After the success of the genealogy workshops in Boise and Homedale, the HEAB would like to extend the opportunity to other clubs
Two representatives of the Historic Ecclesiastic Archive of Bizkaia (HEAB) participated in two genealogy workshops in Homedale and Boise, Idaho on October 13th and 15th respectively. During the workshops the two technicians taught the groups how to look for information and certificates of origin on the archive’s database. “During the workshops we heard ‘oh! and ah!’ each time someone would find something new,” Cristina Castillo told EuskalKultura.com. Now the archive is ready to extend these workshops to other Basque clubs so that the Basques in the diaspora can take advantage of all the possibilities that the database offers.
Derio, Bizkaia. In mid October two technicians from the (HEAB) traveled to Idaho invited by the board of directors of the Cenarrusa Foundation for Basque Culture. The goal of the trip was to let people know about the possibilities that the archive’s database holds for the many Basques in Idaho who are originally from Bizkaia.
The HEAB has digitized the great majority of the ecclesiastical archives of Bizkaia which now allows for genealogical searches and the possibility to obtain electronic files via their website. The problem is that many Basques in the Diaspora don’t take advantage of the archive and more often they don’t even know about it, or they don’t know how to use it. The workshops seek to put an end to these problems.
In Homedale and Boise
Cristina Castillo Perez (HEAB) and Asier Romero Andonegi (College of Education of the University of the Basque Country) were the two in charge of teaching the workshops. The first took place at the Txoko Ona Basque club in Homedale. “We explained the vastness of the database and how important it is to Bizkaian genealogical research showing participants how to request documentation through the web page, explaining some of the peculiarities of doing Basque genealogical research, and Paleography, the study of ancient writings,” she explained.
The next workshop took place at Koelsch Elementary School in Boise that lasted for two days for thirty people all of whom were personally interested with the research as they all had ancestors from Bizkaia. “We were surprised by how expressive these people were, all of the sudden we’d hear ‘oh’, ‘ah’, each time someone would find some information,” Castillo said. “There were many surprises, for example, one woman who came with her Basque husband found out that Ezkerra was her fifth or sixth last name.”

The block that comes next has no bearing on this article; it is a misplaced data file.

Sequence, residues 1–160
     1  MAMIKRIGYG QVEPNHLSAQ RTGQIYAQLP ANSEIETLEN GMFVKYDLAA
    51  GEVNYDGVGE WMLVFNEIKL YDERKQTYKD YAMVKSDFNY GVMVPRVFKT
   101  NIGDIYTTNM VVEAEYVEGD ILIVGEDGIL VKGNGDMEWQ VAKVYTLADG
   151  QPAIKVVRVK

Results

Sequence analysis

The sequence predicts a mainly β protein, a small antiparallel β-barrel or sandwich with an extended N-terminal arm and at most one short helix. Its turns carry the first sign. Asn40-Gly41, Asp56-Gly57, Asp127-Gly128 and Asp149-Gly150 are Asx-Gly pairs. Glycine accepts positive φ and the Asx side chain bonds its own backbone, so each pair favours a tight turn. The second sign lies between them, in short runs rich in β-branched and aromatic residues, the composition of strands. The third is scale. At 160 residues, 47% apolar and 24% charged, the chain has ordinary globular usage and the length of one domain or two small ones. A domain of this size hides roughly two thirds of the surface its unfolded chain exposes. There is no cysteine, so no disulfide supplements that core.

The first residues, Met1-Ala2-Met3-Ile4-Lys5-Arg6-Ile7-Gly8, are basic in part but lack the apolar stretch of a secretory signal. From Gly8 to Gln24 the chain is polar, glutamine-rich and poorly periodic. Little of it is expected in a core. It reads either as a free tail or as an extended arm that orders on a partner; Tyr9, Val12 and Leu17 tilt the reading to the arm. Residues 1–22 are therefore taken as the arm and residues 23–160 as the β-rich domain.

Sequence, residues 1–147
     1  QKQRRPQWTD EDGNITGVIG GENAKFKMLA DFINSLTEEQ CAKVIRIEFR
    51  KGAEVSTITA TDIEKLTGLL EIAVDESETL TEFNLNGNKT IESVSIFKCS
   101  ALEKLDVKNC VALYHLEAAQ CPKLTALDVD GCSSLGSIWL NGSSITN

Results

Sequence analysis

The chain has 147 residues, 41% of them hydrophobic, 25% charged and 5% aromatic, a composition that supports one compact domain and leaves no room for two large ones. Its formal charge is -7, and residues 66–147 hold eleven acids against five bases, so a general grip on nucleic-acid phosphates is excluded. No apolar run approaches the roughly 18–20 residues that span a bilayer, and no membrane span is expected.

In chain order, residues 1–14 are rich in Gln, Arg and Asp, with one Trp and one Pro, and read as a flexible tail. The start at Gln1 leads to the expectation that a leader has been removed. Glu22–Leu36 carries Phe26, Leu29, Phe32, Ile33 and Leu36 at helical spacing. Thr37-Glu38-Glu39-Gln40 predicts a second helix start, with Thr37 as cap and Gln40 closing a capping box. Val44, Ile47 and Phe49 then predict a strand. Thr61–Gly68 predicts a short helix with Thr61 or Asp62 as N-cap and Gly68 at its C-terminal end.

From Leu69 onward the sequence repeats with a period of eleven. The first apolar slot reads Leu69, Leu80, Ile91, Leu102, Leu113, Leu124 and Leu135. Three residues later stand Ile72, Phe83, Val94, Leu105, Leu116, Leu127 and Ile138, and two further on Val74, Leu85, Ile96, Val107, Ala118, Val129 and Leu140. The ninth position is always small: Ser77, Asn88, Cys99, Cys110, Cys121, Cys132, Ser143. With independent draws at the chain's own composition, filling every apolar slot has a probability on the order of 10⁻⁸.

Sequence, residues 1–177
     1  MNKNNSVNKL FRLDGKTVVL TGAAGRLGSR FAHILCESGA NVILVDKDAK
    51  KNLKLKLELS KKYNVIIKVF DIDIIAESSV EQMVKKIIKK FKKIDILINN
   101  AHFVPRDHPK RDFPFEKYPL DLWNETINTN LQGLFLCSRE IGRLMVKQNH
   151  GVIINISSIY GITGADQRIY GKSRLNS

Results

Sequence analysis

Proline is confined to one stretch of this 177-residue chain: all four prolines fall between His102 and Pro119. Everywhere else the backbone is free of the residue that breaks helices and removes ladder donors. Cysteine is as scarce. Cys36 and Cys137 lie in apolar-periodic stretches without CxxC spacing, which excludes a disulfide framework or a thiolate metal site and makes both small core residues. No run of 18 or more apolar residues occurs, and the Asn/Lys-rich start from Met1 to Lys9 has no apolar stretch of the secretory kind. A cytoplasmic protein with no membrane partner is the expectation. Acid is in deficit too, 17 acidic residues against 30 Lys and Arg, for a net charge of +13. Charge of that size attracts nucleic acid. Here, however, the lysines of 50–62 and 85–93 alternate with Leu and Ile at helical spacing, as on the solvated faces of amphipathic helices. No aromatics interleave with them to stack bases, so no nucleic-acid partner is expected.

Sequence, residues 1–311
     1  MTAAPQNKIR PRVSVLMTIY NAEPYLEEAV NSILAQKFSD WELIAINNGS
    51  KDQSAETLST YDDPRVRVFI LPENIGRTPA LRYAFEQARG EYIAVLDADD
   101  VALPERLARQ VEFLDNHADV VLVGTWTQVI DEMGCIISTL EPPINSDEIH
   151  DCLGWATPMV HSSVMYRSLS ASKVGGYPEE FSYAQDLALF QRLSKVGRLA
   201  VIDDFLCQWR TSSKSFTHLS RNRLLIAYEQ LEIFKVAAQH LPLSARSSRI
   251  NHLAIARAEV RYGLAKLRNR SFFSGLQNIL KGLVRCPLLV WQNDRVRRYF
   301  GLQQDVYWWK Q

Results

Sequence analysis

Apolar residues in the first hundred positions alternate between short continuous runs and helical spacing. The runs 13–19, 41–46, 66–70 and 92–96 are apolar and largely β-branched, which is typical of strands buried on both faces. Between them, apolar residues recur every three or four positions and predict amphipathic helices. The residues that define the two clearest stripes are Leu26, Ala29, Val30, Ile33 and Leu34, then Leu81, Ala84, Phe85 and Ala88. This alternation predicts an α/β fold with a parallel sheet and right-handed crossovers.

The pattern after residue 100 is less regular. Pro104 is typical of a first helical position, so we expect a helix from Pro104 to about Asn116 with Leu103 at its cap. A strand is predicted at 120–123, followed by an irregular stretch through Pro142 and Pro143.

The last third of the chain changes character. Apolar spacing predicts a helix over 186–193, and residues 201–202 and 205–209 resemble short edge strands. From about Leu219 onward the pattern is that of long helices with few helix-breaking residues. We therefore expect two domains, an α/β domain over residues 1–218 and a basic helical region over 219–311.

[Thirty people participated in the genealogy workshop in Boise (photo Cenarrusa Foundation)]
[Asier Andonegi, one of the experts sent by the HEAB with Pete Cenarrusa, former Secretary of State of Idaho, founder of the Cenarrusa Foundation and prominent member of the Basque-American (photo Cenarrusa Foundation)]
How to Search
The workshops are practical in character, conducting searches in person and reproducing documentation from the HEAB. “One of the problems faced is in the changes in the spelling of the surnames either by the name being Americanized, or by evolution to Basque spellings of the names,” Cristina explained. “In these cases, for example, we teach them how to use truncators to replace the problematic characters.”
These and other practical problems are what keep many Basques in the diaspora from finding what they are looking for in the database, and so the center is hoping to conduct more workshops in other Basque communities.
Ikastola and Basque Museum
The trip also included a visit to Boise’s Ikastola conducted by its director, Mara Hardesty, and to the Basque Museum along with Patty Miller, director. Finally Castillo and Romero were invited to a Euzkaldunak Basque club dinner where more than 300 people attended and where they also did a presentation of the database and the HEAB’s website.
-Cenarrusa Foundation website: www.cenarrusa.org
Cristina Castillo and Asier Romero visiting the Idaho State Historical Archive (photo Cenarrusa Foundation)